A criminal whose guilt is obvious gets off on a technicality, and the great debate begins. You’ve undoubtedly heard it, in real life on the news or in detective fiction in print or on the screen.
Lock the criminal away despite the technicality, says one side. It’s a perversion of justice to let the guilty escape punishment just because police didn’t dot every “i” and cross every “t” in pursuit of, say, a valid search warrant. What about the victim’s rights?
No, says the other side. We have to let the criminal go – otherwise, it will encourage police to keep on “forgetting” proper procedure. Those technicalities protect not just the obviously guilty but anyone who might become a suspect, which could be any of us.
I bring the issue up not because there is an easy answer but because there are a couple of pertinent examples floating around in this session of the Indiana General Assembly.
In a recent column on one of the Legislature’s more spectacular screwups — the plan to ease prison overcrowding that ended up creating overcrowding in most county jails — (“Short session long on unneeded bills, Jan. 15) I included some flippant remarks about lesser bills (meaning little harm would be done) under consideration. One of them would change the way turn signals are enforced.
Under current law, motorists are required to signal 200 feet before a turn or a lane change, which is problematic in dense, urban areas. Under the new law, a turn signal would be required, but when it is engaged would be left to motorists’ discretion.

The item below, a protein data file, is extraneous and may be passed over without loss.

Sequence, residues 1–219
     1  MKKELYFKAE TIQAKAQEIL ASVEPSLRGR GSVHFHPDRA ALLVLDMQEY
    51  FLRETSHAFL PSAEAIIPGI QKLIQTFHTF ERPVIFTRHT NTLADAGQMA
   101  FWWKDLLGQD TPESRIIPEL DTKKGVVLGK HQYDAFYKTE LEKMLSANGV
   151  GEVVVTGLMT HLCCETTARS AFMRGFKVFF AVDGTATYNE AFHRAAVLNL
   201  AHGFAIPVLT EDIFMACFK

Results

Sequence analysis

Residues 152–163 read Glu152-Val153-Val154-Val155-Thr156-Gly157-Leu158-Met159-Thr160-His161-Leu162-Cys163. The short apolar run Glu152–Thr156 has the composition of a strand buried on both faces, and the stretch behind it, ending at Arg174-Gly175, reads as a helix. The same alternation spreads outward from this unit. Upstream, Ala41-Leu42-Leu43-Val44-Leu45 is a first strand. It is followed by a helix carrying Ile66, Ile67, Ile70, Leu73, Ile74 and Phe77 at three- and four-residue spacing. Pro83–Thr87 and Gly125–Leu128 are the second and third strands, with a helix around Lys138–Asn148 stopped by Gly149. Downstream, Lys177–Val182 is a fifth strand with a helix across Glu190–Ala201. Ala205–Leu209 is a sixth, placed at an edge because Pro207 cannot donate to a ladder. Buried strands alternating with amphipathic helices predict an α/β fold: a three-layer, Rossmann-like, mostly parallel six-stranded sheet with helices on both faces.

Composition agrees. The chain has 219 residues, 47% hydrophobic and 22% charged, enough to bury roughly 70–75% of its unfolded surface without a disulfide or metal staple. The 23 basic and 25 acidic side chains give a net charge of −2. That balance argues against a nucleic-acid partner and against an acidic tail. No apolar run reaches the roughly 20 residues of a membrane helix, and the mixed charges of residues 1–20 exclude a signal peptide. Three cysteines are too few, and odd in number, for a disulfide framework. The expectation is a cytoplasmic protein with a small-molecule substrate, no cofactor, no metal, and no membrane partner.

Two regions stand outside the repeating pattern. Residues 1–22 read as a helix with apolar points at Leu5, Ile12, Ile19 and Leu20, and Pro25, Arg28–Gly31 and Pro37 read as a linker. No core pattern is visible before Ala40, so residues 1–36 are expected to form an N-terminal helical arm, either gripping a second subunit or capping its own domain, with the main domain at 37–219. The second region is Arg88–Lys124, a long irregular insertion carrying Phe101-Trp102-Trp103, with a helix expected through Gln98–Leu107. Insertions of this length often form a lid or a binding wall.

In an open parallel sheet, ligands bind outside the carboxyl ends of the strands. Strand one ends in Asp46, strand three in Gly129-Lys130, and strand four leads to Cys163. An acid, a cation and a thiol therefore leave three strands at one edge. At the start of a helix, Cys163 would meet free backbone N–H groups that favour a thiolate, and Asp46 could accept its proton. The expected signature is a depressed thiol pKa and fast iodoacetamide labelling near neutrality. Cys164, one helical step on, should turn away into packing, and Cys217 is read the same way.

Basically, I wrote, a law that can’t be followed would be replaced by one that can’t be enforced. But then I got an email from an attorney in Columbus who let me know there was more to the proposed change than I had supposed.
“As you probably know,” he wrote, “law enforcement officers need probable cause to pull over a driver. My sense is that they often have decided that a car looks suspicious before they begin looking for probable cause. What many officers appear to do is spot a car they want to pull over and then follow them until they commit a traffic violation.
“Failure to signal for 200 feet before a turn or changing lanes shows up regularly in police reports as grounds for pulling someone over. After the stop, a call is made to K-9 to do a ‘free air’ sniff while walking around the vehicle … When the K-9 alerts or indicates drugs inside, a search of the interior of the vehicle is conducted.”
Perhaps, he said, “reducing that type of probable cause might reduce stops, searches and criminal charges. Perhaps that would result in a reduction of jail population. Or maybe law enforcement will just follow vehicles until another traffic offense is found.”
The other example involves the proposal to remove the handgun carry permit requirement for law-abiding citizens. This is truly a clash of great ideas.
On the one hand, it is absurd to require a government permit for a constitutional right, such as the one to bear arms. Would First Amendment advocates appreciate needing a permit to freely exercise their right to speech or religion?
On the other hand, removing the permits would make it harder for police to keep track of those who should not, for reasons of public safety, have easy access to handguns. Even many Second Amendment stalwarts seem persuaded by this argument.
In neither case do we have an easily understood law that is uniformly applied to all citizens all of the time, which brings up the real question: What do you think of selectively enforced laws? Always wrong? Always justified? Sometimes necessary but can go too far?
There seems to be a great experiment underway today in selective enforcement of the law in some of our biggest cities, including Indianapolis. Ironically, this has resulted not in safer streets but in an explosion of violent crime. Does that change your opinion?
Which brings up another question. Which would be easier, to rid the streets of millions of guns, or to keep the thousands who misuse them off the streets?
But that is a different column.